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The Joe Alon Center for Bedouin Culture

Updated: Apr 2, 2020



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Cindy Schwartz Kline

Mercaz Joe Alon–museum of bedouin culture–you must pay the extra 25 shekels and get a guided tour, this is in Hebrew. If you want an English tour it is very costly and you have to organize it in advance. It was a very special experience.’ 


The Joe Alon Center for Regional Studies, named after the late Colonel Joe Alon, opened in 1974. The center lies in the heart of Lahav Forest, in the southern highlands of the Judean Plain, and commands an impressive view of much of the northern Negev. Lying in the middle of Lahav Forest, Joe Alon is an educational visitors` center specializing in the geography of Israel, particularly that of the Negev.

The center includes a Bedouin hospitality tent where tea and coffee are brewed, a Museum of Bedouin Culture, an exhibit about the Bar Kochba revolt, a presentation on Jewish settlement in the Negev, a stunning panoramic view of the entire region and much more besides.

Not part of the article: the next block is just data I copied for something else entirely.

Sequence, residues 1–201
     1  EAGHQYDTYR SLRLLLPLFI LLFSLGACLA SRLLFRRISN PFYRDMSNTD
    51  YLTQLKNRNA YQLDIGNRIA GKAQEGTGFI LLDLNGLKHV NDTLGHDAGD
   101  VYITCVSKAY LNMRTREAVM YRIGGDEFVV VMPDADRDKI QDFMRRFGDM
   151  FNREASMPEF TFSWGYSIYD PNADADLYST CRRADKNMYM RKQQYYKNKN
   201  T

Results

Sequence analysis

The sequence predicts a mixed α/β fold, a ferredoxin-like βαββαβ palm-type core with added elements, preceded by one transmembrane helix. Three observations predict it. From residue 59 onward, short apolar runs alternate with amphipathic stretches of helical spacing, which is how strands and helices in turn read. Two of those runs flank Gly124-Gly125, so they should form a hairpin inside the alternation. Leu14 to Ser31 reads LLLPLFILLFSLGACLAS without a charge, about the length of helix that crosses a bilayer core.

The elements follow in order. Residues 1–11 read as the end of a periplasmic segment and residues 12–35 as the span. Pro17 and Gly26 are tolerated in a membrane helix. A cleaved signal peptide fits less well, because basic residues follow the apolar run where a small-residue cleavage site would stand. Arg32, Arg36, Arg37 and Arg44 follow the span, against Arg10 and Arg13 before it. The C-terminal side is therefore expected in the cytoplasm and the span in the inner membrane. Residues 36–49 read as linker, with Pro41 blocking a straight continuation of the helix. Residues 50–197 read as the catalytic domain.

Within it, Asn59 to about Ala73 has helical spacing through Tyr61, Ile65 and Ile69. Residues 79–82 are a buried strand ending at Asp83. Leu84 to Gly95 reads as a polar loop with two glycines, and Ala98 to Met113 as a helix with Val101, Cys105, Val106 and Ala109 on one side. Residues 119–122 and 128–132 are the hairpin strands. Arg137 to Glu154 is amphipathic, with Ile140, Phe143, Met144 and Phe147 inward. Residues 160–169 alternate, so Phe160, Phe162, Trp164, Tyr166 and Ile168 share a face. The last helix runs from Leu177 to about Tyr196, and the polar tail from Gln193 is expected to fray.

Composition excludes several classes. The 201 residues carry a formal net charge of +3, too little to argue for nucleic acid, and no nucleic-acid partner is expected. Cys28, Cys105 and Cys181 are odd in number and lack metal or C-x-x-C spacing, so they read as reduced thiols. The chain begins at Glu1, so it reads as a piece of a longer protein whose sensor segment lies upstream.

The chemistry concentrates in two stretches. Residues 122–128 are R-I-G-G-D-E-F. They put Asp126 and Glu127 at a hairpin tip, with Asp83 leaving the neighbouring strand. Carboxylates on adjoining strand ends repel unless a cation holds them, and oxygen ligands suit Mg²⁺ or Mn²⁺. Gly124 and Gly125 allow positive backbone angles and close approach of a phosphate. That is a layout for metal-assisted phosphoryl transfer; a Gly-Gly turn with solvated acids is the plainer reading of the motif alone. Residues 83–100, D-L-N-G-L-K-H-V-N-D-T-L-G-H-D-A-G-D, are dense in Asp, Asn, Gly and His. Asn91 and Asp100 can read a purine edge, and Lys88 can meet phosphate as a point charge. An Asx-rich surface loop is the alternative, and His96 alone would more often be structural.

The Museum of Bedouin Culture, the only museum in Israel devoted entirely to the Bedouin culture, was established in 1985 when it became apparent that the formerly nomadic Bedouin tribes of Sinai and the Negev were in a process of transition to a more settled way of life, moving to established towns and villages. The Bedouin have recently acquired a modern way of life, reflected in cultural, social and economic changes as well as changes in housing, dress etc. As a result, many of the former Bedouin ways of life are disappearing, and with them the objects and traditions of Bedouin society, prompting a need to collect, preserve and record them before they completely disappear. The museum’s collection came from two main sources: Kibbutz Lahav, and a Bedouin museum established in the Sinai Mountains by Orna and Avner Goren. The museum reflects the life of the Bedouin in the Negev and Sinai over the last century. The colorful display includes historical exhibits alongside modern objects, demonstrating both daily life and spiritual aspects of Bedouin tradition. The entrance leads to the upper floor, where exhibits display the means of survival characterizing the Bedouin in the deserts of the Negev, northern and southern Sinai, exposing the complex layers of Bedouin culture. The visitor walks around the display in a circle, resembling the wanderings of the Bedouin and the cycle of the seasons. Displayed here are different types of dwelling, articles of clothing, examples of crafts and traditional economies, pieces of jewelry, toys etc. A display of authentic woven carpets hangs down from the ceiling into the central hall. The visitor continues down a flight of stairs to the lower floor, devoted to more spiritual aspects of traditional Bedouin life: history, society, the cycle of life, traditional medicine, and the customs of the Bedouin market. All are displayed using original photographs alongside rare and fascinating objects. Groups are accompanied by Bedouin guides, who share their unique personal experiences of Bedouin culture with


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